Step 4: Replace the wheel speed sensor(s)

Wheel speed sensor replacement in the front is easy. The sensor is secured to the knuckle via a 5mm hex cap screw and the wiring lead is secured to predetermined mounting points. Simply disconnect the sensor at the knuckle and follow the wiring lead along until you get to the connector housing. Open the connector housing and disconnect the connector (this is just like replacing a brake pad wear sensor FYI). When installing the new sensor I find it easier to start at the knuckle and work my way back to the connector housing. Make sure the wiring lead is secured at it's pre-determined locations.

Rear wheel speed sensor replacement is a little more challenging as the connector housing is hidden by the fender liner. In my opinion it's easier to remove the fender liner entirely. This makes it so you don't have to fight the fender liner and you can also clean the inner fender from build up of debris. Removing the fender liner requires an 8mm and 10mm socket. Once the fender liner is removed you can now remove and replace the sensor. Again, the sensor is secured to the backside of the knuckle with a 5mm hex cap screw. Once loose and removed from the knuckle follow the wiring lead along the control upper center arm. I used a small 90 degree pick to open the plastic retainers holding the wiring lead in place. Trace the wire and all mounting points back to the connector housing. Disconnect the connector. Installing the new sensor is easiest if you start from the knuckle and work your way back to the connection point. Make sure the wiring lead is secured at all predetermined points.

Step 4 - front abs wheel speed sensor

Step 4 - front wheel speed sensor 2

Step 4 - front wheel speed sensor 3

Step 4 - rear wheel speed sensor

Step 4 - rear wheel speed sensor 2


Step 5: Take vehicle for test drive

In the case of my E90 M3, after finishing the repair all warning lights turned off immediately. If the same doesn't happen for you, plug your scan tool in and clear all of the fault codes from the DSC module. Take the vehicle for a test drive with the scanner plugged in collecting live data. Since this specific issues was related to the front left and rear right wheel speed sensors I viewed live data for those sensors only. I was pleased to see both replacement sensors functioning correctly and providing live data in line with the two sensors that had not been replaced.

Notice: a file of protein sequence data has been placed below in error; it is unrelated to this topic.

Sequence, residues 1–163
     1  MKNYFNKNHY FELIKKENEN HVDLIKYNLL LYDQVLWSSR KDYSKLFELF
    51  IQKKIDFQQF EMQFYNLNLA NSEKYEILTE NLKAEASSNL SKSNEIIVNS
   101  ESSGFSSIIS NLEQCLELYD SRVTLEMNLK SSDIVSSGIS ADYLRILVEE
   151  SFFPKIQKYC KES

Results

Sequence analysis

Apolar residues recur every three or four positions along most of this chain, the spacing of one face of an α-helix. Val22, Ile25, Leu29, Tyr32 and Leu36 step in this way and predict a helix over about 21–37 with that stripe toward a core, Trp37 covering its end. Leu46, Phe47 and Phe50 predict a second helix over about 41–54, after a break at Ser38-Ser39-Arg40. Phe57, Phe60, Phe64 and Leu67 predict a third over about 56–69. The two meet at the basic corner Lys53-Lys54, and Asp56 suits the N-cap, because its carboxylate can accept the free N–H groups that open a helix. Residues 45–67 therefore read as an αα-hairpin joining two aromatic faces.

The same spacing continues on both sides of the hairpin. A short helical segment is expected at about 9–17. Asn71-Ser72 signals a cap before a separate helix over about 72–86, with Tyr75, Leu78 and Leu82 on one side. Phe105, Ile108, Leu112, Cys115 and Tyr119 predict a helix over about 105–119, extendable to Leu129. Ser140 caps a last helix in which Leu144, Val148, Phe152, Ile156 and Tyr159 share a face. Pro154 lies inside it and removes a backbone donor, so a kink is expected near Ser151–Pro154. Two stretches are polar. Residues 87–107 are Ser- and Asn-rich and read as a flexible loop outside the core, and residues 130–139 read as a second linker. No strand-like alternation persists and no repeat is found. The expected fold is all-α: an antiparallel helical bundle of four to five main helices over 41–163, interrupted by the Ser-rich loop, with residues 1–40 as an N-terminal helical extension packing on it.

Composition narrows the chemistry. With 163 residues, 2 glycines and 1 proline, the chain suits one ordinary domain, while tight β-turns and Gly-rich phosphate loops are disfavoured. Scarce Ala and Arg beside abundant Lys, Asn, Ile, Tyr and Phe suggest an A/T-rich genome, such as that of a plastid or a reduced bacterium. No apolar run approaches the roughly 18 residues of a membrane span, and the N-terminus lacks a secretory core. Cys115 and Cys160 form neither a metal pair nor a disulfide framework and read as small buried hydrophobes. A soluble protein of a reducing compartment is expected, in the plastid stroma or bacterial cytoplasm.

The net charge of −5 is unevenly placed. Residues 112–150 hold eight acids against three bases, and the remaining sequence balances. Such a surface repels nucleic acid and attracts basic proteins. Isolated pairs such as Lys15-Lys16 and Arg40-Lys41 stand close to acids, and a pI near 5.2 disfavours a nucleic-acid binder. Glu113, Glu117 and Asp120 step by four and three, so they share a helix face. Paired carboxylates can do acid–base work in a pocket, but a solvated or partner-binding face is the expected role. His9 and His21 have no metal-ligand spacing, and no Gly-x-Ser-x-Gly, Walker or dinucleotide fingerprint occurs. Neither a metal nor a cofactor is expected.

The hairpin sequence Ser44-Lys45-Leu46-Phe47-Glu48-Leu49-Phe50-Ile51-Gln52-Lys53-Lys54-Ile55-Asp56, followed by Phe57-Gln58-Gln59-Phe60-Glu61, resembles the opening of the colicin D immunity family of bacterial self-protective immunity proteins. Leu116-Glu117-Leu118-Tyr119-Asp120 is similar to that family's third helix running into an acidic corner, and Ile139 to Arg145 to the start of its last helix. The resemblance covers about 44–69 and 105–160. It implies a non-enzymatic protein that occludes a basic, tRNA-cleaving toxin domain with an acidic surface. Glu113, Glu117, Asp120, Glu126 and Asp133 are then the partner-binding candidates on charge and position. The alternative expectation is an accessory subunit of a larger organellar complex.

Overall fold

step 6 - test drive 2

step 6 - test drive


Step 6: Delete all stored fault codes and confirm repair

I looked at all body control modules to find related fault codes. These codes will go away after a while, but it's best practice to delete all codes after a repair to prevent confusing old fault codes with any new potential problem in the future. This also helps to verify your fix. With the scanner that I used for this repair, I had to manually look at each module. I found faults related to this ABS sensor problem in five body control modules (kind of crazy). I deleted all of them at one point during the test drive and monitored them to make sure they did not come back. None of the fault codes returned confirming the fix.

The lesson here is simple. While the DSC system used on modern BMW's can be intimidating due to how many inputs are needed by the system to function, it's not intimidating to trouble shoot wheel speed sensor problems. I have found that on the E8X 1-series and E9X 3-series that the active wheel speed sensors are very sensitive and any small change in the function of the sensor due to factors internal to the sensor cause them to not function. The good news is that the OE ATE sensors are reasonably priced and as reliable out of the box as Genuine BMW packaged ones. I'm not sure what a trip to a dealership or garage would cost to fix this problem but I'm sure it would be expensive. As long as you have a somewhat sophisticated scan tool to read live data and ABS faults this is 100% a problem that you can fix on your own.